Submitted by Rachel R on Mon, 03/27/2017 - 10:15am
How does your death affect your debt?
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Because the last few months of our lives are typically the most costly when it comes to medical bills, when you or a loved on passes away, there is likely to be leftover debt. But what becomes of it? The short answer is that individual debt that belongs solely to the dead individual passes to the estate for payment, not the survivors, but creditors won’t always tell you that you don’t personally have to pay.
Death Triggers an Estate to Be Born
When someone dies, their debt and assets become part of their estate that’s created when they die. For those that are savvy and have done estate planning, there may be few assets to claim against the debt. For instance, when one partner is diagnosed with cancer, meeting with a planner to arrange for transfers or purchases of assets by their future survivors may be wise.
In the case in which the decedent owns property, such as an auto or home with equity, the creditors can pursue the estate for a share of the equity. The estate inherits the debt when the person dies, and the executor of the estate will have to sort through the debt and assets and make arrangements for the sale of assets to satisfy the debt, where possible. It’s typically complicated.
What If the Decedent Has No Assets?
If you and your spouse don’t own any assets or the assets are solely in your name when your spouse passes away, you can still expect debt collectors to come calling to try and collect on medical bills, credit card debt, and more. For an auto loan, the creditor can repossess the vehicle if it’s solely in your spouse’s name and you don’t pay the debt.
For unsecured debt, like medical bills and credit cards, so long as you weren’t a cosigner, you’re in the clear. If there are no assets and, therefore, no value in the estate, these creditors will have no recourse. They may still call and ask you to pay the debt, but you can simply tell them you can’t afford it and request that they stop calling (you’ll have to ask in writing, most likely), and they will go away eventually.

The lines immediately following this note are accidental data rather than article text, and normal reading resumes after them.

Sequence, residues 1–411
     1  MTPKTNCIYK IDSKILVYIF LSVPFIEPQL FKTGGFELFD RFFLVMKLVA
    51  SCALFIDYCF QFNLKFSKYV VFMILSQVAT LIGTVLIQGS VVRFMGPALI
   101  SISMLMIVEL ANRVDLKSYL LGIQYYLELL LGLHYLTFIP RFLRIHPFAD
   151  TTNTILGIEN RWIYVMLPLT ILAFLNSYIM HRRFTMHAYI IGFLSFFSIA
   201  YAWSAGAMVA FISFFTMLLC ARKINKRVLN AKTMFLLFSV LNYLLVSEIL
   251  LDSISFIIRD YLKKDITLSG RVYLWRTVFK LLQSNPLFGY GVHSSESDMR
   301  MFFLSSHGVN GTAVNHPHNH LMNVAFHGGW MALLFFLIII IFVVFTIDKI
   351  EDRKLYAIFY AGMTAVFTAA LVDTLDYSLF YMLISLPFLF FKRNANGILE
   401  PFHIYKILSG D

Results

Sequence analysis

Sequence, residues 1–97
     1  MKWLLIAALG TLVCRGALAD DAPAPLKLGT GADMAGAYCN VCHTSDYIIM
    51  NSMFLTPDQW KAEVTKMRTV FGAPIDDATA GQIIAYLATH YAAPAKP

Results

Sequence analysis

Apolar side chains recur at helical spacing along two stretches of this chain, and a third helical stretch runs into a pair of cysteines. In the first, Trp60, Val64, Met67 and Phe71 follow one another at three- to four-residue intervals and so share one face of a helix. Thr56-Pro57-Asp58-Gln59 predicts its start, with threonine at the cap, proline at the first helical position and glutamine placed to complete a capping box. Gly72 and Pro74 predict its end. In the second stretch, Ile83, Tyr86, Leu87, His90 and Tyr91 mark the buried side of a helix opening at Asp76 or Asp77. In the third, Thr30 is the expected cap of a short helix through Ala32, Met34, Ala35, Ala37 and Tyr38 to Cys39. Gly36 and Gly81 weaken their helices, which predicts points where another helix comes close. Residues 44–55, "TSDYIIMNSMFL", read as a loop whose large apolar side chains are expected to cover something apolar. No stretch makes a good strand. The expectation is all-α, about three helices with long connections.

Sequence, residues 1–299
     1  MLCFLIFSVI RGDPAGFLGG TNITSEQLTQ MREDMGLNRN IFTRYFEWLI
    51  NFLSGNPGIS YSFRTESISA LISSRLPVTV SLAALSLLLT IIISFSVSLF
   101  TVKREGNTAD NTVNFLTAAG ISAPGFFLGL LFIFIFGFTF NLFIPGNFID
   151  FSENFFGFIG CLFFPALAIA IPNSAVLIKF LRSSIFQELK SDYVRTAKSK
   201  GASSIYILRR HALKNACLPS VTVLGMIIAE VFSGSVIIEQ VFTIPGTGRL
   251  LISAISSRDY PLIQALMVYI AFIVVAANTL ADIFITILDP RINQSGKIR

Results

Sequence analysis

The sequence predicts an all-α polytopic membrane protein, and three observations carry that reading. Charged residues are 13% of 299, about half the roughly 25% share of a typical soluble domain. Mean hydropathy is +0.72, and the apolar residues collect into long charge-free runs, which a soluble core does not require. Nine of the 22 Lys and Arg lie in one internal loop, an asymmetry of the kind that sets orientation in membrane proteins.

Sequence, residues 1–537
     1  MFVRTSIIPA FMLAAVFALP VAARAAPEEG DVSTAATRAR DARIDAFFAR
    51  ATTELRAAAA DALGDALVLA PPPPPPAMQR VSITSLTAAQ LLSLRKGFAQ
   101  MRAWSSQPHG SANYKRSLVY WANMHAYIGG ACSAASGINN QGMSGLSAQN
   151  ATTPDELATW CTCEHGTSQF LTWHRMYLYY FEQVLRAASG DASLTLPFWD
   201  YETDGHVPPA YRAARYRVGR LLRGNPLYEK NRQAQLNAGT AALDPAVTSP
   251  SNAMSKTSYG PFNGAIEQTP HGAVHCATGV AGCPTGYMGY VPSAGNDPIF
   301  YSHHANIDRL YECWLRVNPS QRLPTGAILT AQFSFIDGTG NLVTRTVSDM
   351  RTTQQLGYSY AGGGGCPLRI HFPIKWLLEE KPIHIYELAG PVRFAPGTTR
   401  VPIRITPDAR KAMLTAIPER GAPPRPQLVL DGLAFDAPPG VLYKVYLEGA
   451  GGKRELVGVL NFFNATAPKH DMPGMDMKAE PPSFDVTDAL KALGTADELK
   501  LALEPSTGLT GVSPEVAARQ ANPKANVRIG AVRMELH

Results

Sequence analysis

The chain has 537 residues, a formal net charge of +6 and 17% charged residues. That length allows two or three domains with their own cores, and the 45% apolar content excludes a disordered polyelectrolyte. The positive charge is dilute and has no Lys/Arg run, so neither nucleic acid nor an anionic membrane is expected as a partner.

Life Insurance Is Not Attached to Debt
Even if your spouse had a life insurance policy that left you money as the beneficiary, that does not obligate you to pay the debts of your spouse. Be careful about listing yourself as financially responsible for someone’s debt on medical forms – that’s not a good idea – unless it’s a minor child and you’re required to list a responsible party. The life insurance proceeds you receive are not part of the bankruptcy estate.
Creditors will try and make you feel obligated to pay them back, but you should first think about your financial future. Loss is part of the credit issuing decision that lenders and card issuers calculate into their business, but if you give up some of the life insurance money to them for debt you don’t owe, you might find yourself hurting financially later. Consult an estate attorney as you’re making these decisions.
Planning Ahead Is the Best Strategy
A shocking number of Americans don’t have a will in place or plans for their finances in case of their death and for younger people, it’s not such a big deal. But once you’re married and have children, a little financial and estate planning can go a long way toward your peace of mind. Some things to consider include life insurance and mortgage insurance to pay off your home in case of your death.
Some things that may not be as wise is insurance offered by credit card issuers to pay off your debt in case of your death. Once you pass away, that debt dies with you unless you have a significant estate, so this may be a premium not worth paying. These are all things to discuss with an estate planning attorney. If you’ve been diagnosed with a terminal illness, it’s time to get your financial ducks in a row fast.
In some cases, we’ve handled bankruptcy cases in which the death of a spouse has caused financial stress for the surviving spouse because of joint debt that falls 100% on the surviving spouse to pay. If you’ve lost a loved one and are drowning in leftover debt that is your legal responsibility to pay, bankruptcy may be the solution you need.
Contact the Law Offices of John T. Orcutt today for a free North Carolina bankruptcy consultation. Call +1-919-646-2654 now for a free consultation at one of our locations in Raleigh, Durham, Fayetteville, Wilson, Greensboro, Garner or Wilmington.
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